Orphaned at a young age, Eleanor, Duchess of Aquitaine, seeks a strong husband to keep her hold on the vast lands that have made her the most powerful heiress in Europe. Read more...
Orphaned at a young age, Eleanor, Duchess of Aquitaine, seeks a strong husband to keep her hold on the vast lands that have made her the most powerful heiress in Europe. But her arranged marriage to Louis VII, King of France, is made disastrous by Louis's weakness of will and fanatical devotion to the Church. Eleanor defies her husband by risking her life on an adventurous Crusade, and even challenges the Pope himself. And in young, brilliant, mercurial Henry d'Anjou, she finds her soul mate-the one man who is audacious enough to claim her for his own and make her Queen of England.
Publishers Weekly® Reviews
- Reviewed in: Publishers Weekly, page .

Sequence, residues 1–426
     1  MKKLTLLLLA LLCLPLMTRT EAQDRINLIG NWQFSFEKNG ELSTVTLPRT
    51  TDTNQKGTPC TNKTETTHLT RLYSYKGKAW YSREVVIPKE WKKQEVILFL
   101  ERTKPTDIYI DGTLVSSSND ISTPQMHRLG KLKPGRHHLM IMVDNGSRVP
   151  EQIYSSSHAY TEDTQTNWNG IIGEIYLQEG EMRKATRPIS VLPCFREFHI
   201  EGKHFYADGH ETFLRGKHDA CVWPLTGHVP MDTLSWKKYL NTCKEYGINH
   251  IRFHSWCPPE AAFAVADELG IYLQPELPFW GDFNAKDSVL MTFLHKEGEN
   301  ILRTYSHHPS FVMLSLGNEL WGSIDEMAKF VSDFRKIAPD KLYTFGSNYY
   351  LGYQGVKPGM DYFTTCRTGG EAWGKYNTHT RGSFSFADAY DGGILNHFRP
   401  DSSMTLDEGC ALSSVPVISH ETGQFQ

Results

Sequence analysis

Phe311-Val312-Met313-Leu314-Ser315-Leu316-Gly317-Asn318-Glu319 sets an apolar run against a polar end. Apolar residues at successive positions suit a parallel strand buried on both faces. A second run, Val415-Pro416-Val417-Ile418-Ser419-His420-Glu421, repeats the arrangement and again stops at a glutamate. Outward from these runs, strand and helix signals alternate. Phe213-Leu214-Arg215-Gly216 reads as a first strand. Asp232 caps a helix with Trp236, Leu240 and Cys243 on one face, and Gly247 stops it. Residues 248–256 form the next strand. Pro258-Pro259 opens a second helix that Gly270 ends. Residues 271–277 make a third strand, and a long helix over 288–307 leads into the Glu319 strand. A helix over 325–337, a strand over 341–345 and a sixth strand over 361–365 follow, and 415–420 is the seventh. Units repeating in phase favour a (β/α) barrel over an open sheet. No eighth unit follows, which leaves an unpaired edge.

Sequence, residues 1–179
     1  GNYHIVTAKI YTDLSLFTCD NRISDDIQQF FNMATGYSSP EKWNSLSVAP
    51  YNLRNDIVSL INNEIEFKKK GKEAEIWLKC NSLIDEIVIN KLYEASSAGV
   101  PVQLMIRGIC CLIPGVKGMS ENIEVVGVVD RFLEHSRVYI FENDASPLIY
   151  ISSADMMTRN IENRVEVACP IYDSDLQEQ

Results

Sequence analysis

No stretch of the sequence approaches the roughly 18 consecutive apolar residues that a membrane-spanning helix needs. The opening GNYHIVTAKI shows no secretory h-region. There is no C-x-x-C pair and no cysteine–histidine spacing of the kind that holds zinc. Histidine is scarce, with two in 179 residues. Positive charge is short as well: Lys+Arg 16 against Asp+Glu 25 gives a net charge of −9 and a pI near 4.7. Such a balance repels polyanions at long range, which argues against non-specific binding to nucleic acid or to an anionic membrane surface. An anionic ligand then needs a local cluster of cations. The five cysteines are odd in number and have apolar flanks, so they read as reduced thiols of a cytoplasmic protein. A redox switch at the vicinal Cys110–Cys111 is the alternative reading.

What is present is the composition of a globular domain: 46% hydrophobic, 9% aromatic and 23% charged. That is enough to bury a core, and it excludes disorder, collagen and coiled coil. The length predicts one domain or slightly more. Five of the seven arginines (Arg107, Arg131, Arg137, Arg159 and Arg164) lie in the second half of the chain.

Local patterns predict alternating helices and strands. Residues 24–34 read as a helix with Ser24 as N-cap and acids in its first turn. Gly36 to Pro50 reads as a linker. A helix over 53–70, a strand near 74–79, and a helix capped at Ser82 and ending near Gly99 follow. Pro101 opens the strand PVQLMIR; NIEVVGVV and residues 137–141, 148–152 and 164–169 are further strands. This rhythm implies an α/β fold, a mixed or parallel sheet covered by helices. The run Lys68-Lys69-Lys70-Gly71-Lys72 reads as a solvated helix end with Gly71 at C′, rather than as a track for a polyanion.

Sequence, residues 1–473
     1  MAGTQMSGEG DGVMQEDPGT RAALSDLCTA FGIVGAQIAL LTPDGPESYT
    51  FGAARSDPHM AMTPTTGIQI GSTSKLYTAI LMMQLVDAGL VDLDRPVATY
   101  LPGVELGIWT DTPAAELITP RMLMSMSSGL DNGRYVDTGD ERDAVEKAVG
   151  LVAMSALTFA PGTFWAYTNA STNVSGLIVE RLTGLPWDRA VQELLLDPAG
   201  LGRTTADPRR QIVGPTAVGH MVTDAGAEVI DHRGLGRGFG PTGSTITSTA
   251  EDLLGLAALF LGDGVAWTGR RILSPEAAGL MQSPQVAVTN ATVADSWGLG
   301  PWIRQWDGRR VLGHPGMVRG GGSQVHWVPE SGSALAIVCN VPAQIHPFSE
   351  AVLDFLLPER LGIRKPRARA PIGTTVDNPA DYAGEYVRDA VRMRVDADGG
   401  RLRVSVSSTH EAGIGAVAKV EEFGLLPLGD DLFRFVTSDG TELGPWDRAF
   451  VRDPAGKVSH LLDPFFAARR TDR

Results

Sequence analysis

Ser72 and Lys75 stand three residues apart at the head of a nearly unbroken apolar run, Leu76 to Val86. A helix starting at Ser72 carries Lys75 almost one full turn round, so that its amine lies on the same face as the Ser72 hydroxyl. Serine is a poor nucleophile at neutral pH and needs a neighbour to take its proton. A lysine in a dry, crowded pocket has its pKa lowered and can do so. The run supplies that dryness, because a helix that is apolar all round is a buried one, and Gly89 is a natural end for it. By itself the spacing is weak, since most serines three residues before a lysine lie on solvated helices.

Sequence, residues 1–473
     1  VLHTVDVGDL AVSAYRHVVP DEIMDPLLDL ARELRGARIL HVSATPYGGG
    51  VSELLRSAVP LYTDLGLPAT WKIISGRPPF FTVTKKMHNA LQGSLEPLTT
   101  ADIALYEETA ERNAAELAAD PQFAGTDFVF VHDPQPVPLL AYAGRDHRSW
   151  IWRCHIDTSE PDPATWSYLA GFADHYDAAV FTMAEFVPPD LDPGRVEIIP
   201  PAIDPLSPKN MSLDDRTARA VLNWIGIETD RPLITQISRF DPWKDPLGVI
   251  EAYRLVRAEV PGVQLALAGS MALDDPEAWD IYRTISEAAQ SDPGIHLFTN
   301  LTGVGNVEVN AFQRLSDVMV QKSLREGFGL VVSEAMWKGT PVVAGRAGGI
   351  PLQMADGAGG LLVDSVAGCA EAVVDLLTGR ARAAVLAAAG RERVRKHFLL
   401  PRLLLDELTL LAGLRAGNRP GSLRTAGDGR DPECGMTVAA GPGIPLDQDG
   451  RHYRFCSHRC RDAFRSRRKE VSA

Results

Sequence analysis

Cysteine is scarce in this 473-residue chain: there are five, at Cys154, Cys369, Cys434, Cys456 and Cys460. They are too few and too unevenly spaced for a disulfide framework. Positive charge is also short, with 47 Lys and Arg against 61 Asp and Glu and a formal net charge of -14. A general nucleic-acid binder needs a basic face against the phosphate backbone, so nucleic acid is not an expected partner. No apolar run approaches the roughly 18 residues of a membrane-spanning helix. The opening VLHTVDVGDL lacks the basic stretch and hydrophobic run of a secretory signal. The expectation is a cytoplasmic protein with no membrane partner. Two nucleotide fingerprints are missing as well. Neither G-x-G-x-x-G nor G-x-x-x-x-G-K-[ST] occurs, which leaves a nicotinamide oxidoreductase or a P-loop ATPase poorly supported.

- Review Date: 2011-04-25
- Reviewer: Staff
O'Brien's fairly straightforward latest (after The Virgin Widow) follows Eleanor of Aquitaine throughout her first marriage and the years leading up to her second marriage to Henry Plantagenet, wherein she swaps her French crown for the English crown. Eleanor was one of the wealthiest and most powerful women in medieval Europe, but an arrangement made when she was young seals her fate as the new wife of Louis Capet. The young duchess, who shortly after becomes queen of France, quickly discovers her assertiveness does not win her any friends, particularly among the abbots who advise her husband. The book documents her struggle with the church and its influence on her husband, and, later, her quest for an annulment as intrigues pile up and she gains the attentions of other prominent men. Eleanor is the picture of defiance, and her bold, fiery voice (not to mention impressive bio) is the strongest asset of this successful historical. (June)